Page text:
Ruffin’s decision had consequences. He had little influence on later case law — historians know of few other cases in which a temporary enslavers was afforded the absolute rights of the enslaver. But his decision fueled the cause of abolitionists in the North. Abolitionists found Ruffin’s articulation of the absolute rights of enslavers over enslaved people horrifying, and excerpts from this decision were reprinted in abolitionist papers across the northern United States.
PRIOR HISTORY: The John Mann was indicted for an assault and battery upon Lydia, the slave of one Elizabeth Jones.
On the trial it appeared that the Defendant had hired the slave for a year -- that during the term, the slave had committed some small offence, for which the Defendant undertook to chastise her -- that while in the act of so doing, the slave ran off, whereupon the Defendant called upon her to stop, which being refused, he shot at and wounded her.
His honor Judge DANIEL charged the Jury, that if they believed the punishment inflicted by the Defendant was cruel and unwarrantable, and disproportionate to the offence committed by the slave, that in law the Defendant was guilty, as He was only hiring Lydia temporarily from her owner, and was not her true owner.
The lower court ruled in favor of the state, that is to say, it ruled that John Mann was guilty of battery for the violence he committed against Lydia, and the Defendant appealed.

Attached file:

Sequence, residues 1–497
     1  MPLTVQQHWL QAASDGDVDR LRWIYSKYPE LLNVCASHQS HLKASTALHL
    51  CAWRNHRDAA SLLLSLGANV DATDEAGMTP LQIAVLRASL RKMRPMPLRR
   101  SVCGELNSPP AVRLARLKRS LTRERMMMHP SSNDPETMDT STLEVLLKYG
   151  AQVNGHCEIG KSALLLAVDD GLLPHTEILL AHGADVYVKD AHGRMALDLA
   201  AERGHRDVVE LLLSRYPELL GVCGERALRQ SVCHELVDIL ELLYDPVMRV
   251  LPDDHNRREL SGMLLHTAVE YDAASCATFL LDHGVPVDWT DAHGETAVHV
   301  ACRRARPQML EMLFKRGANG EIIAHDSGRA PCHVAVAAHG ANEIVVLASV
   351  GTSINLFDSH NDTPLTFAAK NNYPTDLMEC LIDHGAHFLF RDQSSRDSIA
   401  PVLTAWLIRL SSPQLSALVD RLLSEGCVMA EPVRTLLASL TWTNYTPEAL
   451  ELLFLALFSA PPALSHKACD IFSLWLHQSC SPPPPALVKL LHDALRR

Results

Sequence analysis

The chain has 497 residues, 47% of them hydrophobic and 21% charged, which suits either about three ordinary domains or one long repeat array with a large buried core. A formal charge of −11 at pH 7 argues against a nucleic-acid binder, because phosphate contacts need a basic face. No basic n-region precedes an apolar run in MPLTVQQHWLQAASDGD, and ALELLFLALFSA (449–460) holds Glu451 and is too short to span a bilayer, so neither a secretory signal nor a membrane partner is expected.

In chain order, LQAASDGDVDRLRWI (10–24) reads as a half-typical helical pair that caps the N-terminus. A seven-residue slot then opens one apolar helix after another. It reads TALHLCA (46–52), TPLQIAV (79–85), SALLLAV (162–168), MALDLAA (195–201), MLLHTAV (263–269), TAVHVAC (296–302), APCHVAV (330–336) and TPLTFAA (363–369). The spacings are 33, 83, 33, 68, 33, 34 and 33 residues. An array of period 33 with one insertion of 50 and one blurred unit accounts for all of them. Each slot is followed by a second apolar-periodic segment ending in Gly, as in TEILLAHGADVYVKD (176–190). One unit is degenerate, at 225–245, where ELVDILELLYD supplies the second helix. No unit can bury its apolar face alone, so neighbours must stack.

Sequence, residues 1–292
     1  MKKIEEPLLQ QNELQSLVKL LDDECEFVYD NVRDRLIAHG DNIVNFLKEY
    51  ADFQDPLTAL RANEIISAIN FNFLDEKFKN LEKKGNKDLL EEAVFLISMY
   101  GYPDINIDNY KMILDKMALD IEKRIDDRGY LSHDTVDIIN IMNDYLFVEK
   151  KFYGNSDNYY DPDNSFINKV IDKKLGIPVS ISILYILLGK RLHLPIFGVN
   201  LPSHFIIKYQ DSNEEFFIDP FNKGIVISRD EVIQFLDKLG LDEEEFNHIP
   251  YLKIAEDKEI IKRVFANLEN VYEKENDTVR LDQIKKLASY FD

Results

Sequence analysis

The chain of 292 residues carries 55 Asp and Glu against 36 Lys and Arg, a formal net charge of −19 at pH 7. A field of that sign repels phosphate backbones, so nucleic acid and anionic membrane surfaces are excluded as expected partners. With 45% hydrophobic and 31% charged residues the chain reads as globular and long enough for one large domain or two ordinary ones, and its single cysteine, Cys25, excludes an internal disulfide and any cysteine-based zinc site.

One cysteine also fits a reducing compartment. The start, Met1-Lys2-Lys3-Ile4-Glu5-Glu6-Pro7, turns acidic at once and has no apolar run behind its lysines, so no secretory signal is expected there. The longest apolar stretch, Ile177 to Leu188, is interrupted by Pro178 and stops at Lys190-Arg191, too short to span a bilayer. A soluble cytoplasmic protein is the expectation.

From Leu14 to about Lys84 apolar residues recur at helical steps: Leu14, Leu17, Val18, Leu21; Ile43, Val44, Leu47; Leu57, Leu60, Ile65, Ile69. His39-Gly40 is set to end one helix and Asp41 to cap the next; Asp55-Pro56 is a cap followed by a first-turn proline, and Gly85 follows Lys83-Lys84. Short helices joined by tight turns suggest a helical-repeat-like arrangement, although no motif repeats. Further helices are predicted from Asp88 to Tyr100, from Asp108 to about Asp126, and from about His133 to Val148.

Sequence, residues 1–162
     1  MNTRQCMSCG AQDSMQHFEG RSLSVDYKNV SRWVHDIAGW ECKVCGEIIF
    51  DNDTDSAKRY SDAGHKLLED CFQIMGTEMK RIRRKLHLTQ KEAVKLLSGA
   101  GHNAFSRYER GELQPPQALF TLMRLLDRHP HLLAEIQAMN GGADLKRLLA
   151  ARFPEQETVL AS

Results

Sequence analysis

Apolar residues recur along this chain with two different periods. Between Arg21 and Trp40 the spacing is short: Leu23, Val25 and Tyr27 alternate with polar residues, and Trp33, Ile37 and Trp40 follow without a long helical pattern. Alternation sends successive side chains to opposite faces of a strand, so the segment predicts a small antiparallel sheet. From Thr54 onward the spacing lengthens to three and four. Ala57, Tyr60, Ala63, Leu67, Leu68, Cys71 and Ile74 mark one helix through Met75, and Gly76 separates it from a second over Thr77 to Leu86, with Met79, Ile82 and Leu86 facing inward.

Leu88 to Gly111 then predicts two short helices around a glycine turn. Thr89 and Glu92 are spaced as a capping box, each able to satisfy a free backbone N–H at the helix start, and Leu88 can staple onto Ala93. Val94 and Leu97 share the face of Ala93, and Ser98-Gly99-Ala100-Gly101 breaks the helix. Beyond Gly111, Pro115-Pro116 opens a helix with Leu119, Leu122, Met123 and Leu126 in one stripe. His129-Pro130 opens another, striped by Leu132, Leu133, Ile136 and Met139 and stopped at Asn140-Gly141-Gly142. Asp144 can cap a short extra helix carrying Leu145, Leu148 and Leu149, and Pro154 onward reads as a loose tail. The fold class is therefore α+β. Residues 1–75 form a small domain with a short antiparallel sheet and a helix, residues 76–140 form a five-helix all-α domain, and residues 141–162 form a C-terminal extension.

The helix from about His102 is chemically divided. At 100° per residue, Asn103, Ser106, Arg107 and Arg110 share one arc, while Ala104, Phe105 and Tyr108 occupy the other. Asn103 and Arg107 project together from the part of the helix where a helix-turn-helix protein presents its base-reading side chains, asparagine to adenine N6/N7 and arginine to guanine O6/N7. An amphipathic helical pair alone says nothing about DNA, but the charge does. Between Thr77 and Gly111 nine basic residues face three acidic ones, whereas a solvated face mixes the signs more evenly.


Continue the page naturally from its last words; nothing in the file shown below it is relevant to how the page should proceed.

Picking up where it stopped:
DISPOSITION: The decision of the lower court was reversed by the State Supreme Court; the State Supreme Court determined Mann was "not guilty" in the battery of Lydia., and judgment entered for the Defendant.
OPINION: RUFFIN, Judge. -- A Judge cannot but lament, when such cases as the present are brought into judgment. It is impossible that the reasons on which they go can be appreciated, but where institutions similar to our own, exist and are thoroughly understood. The struggle, too, in the Judge's own breast between the feelings of the man, and the duty of the magistrate is a severe one, presenting strong temptation to put aside such questions, if it be possible. It is useless however, to complain of things inherent in our political state. And it is criminal in a Court to avoid any responsibility which the laws impose. With whatever reluctance therefore it is done, the Court is compelled to express an opinion upon the extent of the dominion of the master over the slave in North-Carolina.